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27,000 ducks slaughtered in Tyrone over bird flu concerns

Amidst ongoing concerns about the presence of avian flu, 27,000 ducks have been slaughtered at a farm in Co Tyrone.

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27,000 ducks slaughtered in Tyrone over bird flu concerns
GNN Media: Representational Photo

Twenty-seven thousand ducks have been culled at a farm in Co Tyrone following a suspicion of avian influenza in commercial flocks.

Northern Ireland's Chief Veterinary Officer Robert Huey said it had been done as a "precautionary measure" following tests which indicated a suspected outbreak of the poultry disease near Aughnacloy. 

The cull of the ducks follows several confirmed cases at poultry businesses just across the border in Co Monaghan.

The disease has also been found in wild birds that were found dead in Northern Ireland in recent weeks.

Northern Ireland has an extensive poultry industry and a temporary control zone has also been put in place around the affected premises pending the results of confirmatory tests. 

That will mean tighter controls on the movement of poultry and enhanced record keeping and biosecurity measures for other similar businesses inside that zone. 

Moreover, authorities have urged everyone who had poultry, including those who keep birds as a hobby, to get registered with the authorities.  

"I am extremely concerned about the serious risk of spread and this is a very worrying development," officials said.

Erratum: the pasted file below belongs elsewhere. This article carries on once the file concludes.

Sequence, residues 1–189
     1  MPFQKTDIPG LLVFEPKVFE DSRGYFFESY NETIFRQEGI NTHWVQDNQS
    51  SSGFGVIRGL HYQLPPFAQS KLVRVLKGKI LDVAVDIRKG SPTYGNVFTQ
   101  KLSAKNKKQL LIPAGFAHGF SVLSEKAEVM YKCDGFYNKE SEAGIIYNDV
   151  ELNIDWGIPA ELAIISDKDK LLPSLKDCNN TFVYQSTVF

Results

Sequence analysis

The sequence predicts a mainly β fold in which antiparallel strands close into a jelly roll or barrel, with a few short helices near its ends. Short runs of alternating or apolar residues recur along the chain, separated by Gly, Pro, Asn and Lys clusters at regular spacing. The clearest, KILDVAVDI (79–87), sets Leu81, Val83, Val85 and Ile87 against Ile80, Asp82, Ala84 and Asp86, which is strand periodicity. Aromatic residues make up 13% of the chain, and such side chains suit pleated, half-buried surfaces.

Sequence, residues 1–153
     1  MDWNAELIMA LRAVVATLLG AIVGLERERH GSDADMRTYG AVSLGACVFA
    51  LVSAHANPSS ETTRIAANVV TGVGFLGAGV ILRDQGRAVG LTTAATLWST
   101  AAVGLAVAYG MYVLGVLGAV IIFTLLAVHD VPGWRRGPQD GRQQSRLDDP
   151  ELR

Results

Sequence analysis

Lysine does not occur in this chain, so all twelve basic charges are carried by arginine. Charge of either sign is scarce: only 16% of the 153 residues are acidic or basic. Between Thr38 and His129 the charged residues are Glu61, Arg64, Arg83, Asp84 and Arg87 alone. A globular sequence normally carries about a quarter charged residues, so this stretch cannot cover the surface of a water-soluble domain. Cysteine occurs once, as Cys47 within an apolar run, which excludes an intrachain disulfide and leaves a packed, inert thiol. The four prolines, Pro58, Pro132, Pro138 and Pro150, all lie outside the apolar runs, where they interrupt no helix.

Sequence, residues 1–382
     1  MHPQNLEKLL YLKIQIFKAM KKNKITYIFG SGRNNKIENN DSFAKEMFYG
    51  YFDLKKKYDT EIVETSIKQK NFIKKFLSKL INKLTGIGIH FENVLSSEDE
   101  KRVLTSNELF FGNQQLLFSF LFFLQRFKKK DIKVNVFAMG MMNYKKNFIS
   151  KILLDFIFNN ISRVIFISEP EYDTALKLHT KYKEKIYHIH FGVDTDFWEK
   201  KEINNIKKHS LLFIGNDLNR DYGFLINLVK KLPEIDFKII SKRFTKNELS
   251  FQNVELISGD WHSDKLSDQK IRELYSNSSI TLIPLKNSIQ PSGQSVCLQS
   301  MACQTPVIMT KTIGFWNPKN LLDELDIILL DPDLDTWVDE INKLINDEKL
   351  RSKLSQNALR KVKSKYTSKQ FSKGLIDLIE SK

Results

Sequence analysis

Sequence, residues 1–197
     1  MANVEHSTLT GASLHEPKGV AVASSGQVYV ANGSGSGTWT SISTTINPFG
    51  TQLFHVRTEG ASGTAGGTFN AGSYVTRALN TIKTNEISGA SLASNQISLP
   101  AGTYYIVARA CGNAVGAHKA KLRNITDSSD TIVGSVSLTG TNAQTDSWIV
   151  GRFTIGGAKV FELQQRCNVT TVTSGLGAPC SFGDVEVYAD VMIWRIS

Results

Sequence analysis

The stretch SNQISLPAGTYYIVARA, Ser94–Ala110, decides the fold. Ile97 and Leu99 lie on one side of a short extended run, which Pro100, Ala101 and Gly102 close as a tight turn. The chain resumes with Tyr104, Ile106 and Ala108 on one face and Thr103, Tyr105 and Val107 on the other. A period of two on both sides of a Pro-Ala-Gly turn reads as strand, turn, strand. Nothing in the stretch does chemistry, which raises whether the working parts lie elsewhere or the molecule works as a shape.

Moreover, bird flu is an annual risk brought by migratory wild birds.  If it gets into commercial flocks it can cause rapid illness and death, and can affect trade in poultry meat and other products.

Mehak Javed

Mehak Javed is immensely creative and an enthusiastic journalist, contributing in the publication of timely and accurate news. She is a skilled writer along proven history of achievement in the field with several years of professional experience. Mehak is working with GNN since 2020.

Pakistan

NA, Senate sessions to be held today

Besides legislative business, both the Houses will take up matters pertaining to national and international importance. 

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NA, Senate sessions to be held today

Islamabad: Sessions of the Senate and the National Assembly (NA) will separately be held at the Parliament House in Islamabad at 4 pm on Monday (January 17).

Besides legislative business, both the Houses will take up matters pertaining to national and international importance. 

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World

‘Austria to make COVID vaccines compulsory for adults from Feb’

Nehammer, a conservative who took office in December, said those who didn t comply would face a hefty fine

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‘Austria to make COVID vaccines compulsory for adults from Feb’

Vienna: Austria will become the first European country to make Covid-19 vaccination compulsory for adults in February, Chancellor Karl Nehammer said Sunday, acknowledging that it was a “sensitive topic.”

Nehammer, a conservative who took office in December, said those who didn t comply would face a hefty fine.

“We will decide on compulsory vaccination as planned. It will come into force at the beginning of February for adults,” he told a news conference.

Since plans for compulsory jabs were first announced last year, Austria has seen impassioned debate both in parliament and beyond on the issue.

To date 71.5 percent of eligible Austrian residents have had their jabs -- several percentage points below many of the country’s EU neighbours.

Nehammer acknowledged the decision covered "a totally sensitive topic" but said it followed careful consideration.